3. Objectives linked to sustainability
Environmental and social sustainability is becoming more and more relevant, according to 26% of the projects (up 2% compared to 2020). In most of these cases, companies try to keep track and to give visibility to their sustainability practices.
4. Objectives linked to food safety and anti-counterfeiting
Another use of blockchain concerns food safety objectives (13%), making the procedures of product recall more efficient and effective, especially in the large-scale distribution sector. There are also uses related to anti-counterfeiting (11%); blockchain allows stakeholders to keep track of data and its modification over time, making overwrites particularly difficult.
It is important to highlight the number of projects aimed at improving payment and economic transaction processing, which represented just a residual part of projects in the past and today accounts for 11% of cases analyzed.
How blockchain can benefit the agrifood value chain
Despite its increasing spread, blockchain’s benefits for the agrifood sector are not always clear to users, and there isn’t a unanimous opinion about them. According to a survey conducted by the Smart AgriFood Observatory on 1,034 consumers, only 6% have heard about blockchain applied to the agrifood supply chain; most of these (60%) don’t know this technology at all. Among those who are familiar, only 51% believe that it can provide more reliable information and only 45% think that it can guarantee greater safety to products.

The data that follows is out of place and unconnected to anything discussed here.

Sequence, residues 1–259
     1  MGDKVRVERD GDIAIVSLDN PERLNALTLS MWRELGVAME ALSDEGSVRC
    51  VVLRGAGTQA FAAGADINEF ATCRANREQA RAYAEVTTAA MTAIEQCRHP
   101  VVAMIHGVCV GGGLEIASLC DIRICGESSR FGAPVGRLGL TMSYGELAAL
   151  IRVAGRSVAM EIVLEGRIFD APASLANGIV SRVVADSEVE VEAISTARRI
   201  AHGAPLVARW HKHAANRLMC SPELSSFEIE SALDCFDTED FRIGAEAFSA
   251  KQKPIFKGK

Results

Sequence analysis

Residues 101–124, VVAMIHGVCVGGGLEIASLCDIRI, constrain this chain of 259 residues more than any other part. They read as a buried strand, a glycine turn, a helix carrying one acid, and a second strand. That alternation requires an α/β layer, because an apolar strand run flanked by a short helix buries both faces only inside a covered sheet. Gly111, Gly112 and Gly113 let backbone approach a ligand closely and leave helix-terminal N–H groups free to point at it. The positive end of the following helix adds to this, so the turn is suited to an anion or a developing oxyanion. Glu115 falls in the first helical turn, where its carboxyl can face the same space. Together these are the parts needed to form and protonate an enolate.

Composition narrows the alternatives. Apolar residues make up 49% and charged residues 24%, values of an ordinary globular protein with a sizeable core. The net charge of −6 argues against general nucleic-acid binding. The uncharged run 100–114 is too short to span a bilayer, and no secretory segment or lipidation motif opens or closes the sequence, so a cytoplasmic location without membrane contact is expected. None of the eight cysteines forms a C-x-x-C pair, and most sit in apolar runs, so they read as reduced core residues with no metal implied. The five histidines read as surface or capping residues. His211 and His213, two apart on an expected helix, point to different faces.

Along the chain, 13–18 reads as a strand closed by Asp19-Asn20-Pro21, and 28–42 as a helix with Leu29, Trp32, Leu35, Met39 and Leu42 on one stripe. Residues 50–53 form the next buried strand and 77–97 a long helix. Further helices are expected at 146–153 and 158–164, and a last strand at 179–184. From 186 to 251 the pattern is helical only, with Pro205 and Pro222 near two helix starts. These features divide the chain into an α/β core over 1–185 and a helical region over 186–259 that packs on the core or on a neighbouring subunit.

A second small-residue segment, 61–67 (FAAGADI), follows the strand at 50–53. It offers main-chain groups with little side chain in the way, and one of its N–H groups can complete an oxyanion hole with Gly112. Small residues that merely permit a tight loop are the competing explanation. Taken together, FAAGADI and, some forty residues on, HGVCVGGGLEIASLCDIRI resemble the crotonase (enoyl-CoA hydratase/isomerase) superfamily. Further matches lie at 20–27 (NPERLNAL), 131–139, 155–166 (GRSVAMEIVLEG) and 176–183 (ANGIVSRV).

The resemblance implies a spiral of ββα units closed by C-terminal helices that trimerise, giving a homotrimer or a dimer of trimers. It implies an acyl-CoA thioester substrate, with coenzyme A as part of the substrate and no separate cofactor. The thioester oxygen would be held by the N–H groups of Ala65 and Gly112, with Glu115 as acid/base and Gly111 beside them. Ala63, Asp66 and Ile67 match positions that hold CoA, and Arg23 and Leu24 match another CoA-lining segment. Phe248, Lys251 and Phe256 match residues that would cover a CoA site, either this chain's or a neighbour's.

Transparency, immutability and sharing of data throughout the whole supply chain are considered the main benefits of this technology, together with the speed in finding information about each product, particularly in case of food recalls. On the one hand, all this is allowed by the specific consent mechanisms of each platform, which make it impossible — or at least very difficult — to modify the entered data. On the other hand, it’s enabled by the distributed ledger that makes data accessible on a continuous, real-time basis. These characteristics have a further effect of increasing consumer confidence or, more generally, the confidence of whoever can access the data. That said, questions remain around how much this can translate into effective commercial benefits for companies.
Does blockchain alone guarantee traceability?